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The synchrotron is a relatively novel source of IR radiation. The basic principle of the synchotron is depicted in figure 8.
A beam of electrons is generated in a linear accelerator that then enters a ‘booster ring’ where the electrons are accelerated to close to the speed of light. The electrons are then injected into a larger ring (the storage ring) where the electrons continue to circulate at relativistic velocities. Any charged particle, travelling at these velocities and traversing a curved path will emit intense broad-band electromagnetic radiation across the whole Spectrum from X-rays to the far infrared. Modern synchrotons utilize magnetic devices called wrigglers”, and “undulators” round the ring to increase the intensity of the radiation. The radiation is emitted tangentially to the electron path and so any port incorporated in the ring will provide an intense radiation beam. The beam is then sent through an optical system where the wavelengths of interest are separated and made available for experiments. Most experiments carried out with radiation from a sychrotron involve X-rays but some work on infrared has been carried out. Time can be rented from the synchrotron establishment but it may be many years before such facilities become generally available. Such a source does hold promise for vastly improved results from Raman Spectroscopy. In figure 9 the performance of a typical FT-Raman instrument is shown by the spectra of indene.
The excitation energy was 1 W and data was acquired for two seconds in the lower Spectrum and for thirty seconds in the upper Spectrum. The two spectra appear identical which demonstrates that no thermal degradation occurred with the extended exposure to radiation for thirty seconds. The majority of samples can cope with high intensity near-IR without decomposition as the absorption is involved with combinations of vibrational modes and overtones and, therefore, are rather weak.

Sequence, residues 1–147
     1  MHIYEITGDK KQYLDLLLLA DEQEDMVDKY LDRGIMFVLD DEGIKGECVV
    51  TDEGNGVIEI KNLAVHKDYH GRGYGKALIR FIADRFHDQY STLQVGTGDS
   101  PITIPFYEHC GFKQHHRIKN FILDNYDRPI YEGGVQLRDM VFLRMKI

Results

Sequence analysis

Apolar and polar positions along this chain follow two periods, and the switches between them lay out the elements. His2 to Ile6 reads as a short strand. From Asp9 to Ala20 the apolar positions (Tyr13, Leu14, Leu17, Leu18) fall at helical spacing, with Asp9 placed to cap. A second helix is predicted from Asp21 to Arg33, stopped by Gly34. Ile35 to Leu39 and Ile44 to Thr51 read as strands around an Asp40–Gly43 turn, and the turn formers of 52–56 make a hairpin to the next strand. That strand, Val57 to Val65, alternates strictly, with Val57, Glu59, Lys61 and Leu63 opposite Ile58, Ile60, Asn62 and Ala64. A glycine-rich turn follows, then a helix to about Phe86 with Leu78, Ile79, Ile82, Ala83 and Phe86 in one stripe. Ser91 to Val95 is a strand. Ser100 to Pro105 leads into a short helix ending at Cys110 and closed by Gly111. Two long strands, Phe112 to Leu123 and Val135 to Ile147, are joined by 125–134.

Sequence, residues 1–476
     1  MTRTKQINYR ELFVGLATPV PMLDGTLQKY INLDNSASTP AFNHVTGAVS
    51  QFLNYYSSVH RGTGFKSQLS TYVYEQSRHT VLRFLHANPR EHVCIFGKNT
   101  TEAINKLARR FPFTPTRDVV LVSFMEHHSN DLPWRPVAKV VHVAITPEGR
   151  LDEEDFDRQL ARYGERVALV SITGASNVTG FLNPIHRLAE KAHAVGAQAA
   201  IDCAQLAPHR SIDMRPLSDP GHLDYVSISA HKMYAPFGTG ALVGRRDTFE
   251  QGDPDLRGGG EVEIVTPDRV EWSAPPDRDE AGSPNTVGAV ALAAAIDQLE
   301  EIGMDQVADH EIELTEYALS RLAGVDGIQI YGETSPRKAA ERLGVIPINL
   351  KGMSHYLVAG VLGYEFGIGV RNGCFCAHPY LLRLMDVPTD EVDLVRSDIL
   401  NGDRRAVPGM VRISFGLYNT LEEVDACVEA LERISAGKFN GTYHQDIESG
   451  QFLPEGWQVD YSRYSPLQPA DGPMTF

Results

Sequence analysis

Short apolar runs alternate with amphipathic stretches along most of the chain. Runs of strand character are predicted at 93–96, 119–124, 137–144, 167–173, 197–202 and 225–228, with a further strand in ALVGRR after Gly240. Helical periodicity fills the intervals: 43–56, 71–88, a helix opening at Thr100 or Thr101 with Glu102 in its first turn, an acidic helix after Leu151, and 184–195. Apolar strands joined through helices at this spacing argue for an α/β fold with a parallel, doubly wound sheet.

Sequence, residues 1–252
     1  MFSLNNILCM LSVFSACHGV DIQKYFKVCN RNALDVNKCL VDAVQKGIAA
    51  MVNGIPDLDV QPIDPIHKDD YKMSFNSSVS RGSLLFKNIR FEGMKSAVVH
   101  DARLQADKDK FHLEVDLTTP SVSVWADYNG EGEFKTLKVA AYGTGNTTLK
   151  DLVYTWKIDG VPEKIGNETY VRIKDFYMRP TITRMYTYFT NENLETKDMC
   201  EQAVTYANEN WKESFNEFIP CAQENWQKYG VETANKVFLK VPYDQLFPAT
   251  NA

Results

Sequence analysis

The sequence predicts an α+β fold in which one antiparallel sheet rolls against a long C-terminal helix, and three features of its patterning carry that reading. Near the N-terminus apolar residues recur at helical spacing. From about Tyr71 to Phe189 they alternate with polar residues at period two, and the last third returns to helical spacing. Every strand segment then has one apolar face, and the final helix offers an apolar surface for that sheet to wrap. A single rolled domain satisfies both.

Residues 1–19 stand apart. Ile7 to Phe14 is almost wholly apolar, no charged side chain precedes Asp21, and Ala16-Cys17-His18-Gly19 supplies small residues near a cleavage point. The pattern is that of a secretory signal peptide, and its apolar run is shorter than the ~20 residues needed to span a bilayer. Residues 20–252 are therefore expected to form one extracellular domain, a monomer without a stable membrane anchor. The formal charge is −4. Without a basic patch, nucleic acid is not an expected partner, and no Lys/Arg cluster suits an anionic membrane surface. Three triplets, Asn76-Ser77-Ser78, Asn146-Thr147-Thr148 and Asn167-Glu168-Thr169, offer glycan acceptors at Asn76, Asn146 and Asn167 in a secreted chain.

The main advantage of working with near-infrared radiation is the lack of Fluorescence that can seriously interfere with the quality of the resulting Spectrum. This is clearly demonstrated by the two spectra of anthracene obtained employing radiation in the Visible region (5145Å) and in the near-infra red (1.06μm) shown in figure 10. The upper Spectrum produced by irradiation with Visible light shows the spectra superimposed on a broad ‘hump’ of Fluorescence almost completely obscuring the Raman Spectrum, whereas the lower Spectrum obtained by near-infrared irradiation gives a clean, virtually Fluorescence-free Spectrum.
Admittedly, this may well be one of the worst-case ‘scenarios’; nevertheless the spectra clearly demonstrate the advantages of employing near-infrared radiation in the production of Raman spectra. A possibly even more impressive advantage of the use of the near infrared for the excitation to eliminate Fluorescence is shown in figure 11.
In this case the Raman spectra is being taken of a strongly fluorescent material but employing radiation of 106 mm as the radiation with a 60 second measurement time a Raman Spectrum of a useful form could still be obtained.
Employing near-infrared frequencies as the exciting radiation in conjunction with FTIR techniques provides yet another advantage. The ease and accuracy of spectra addition and subtraction employing the FTRI system used in conjunction with spectra that have extremely low Fluorescence interference allows solvent spectra subtraction techniques to be extremely accurate.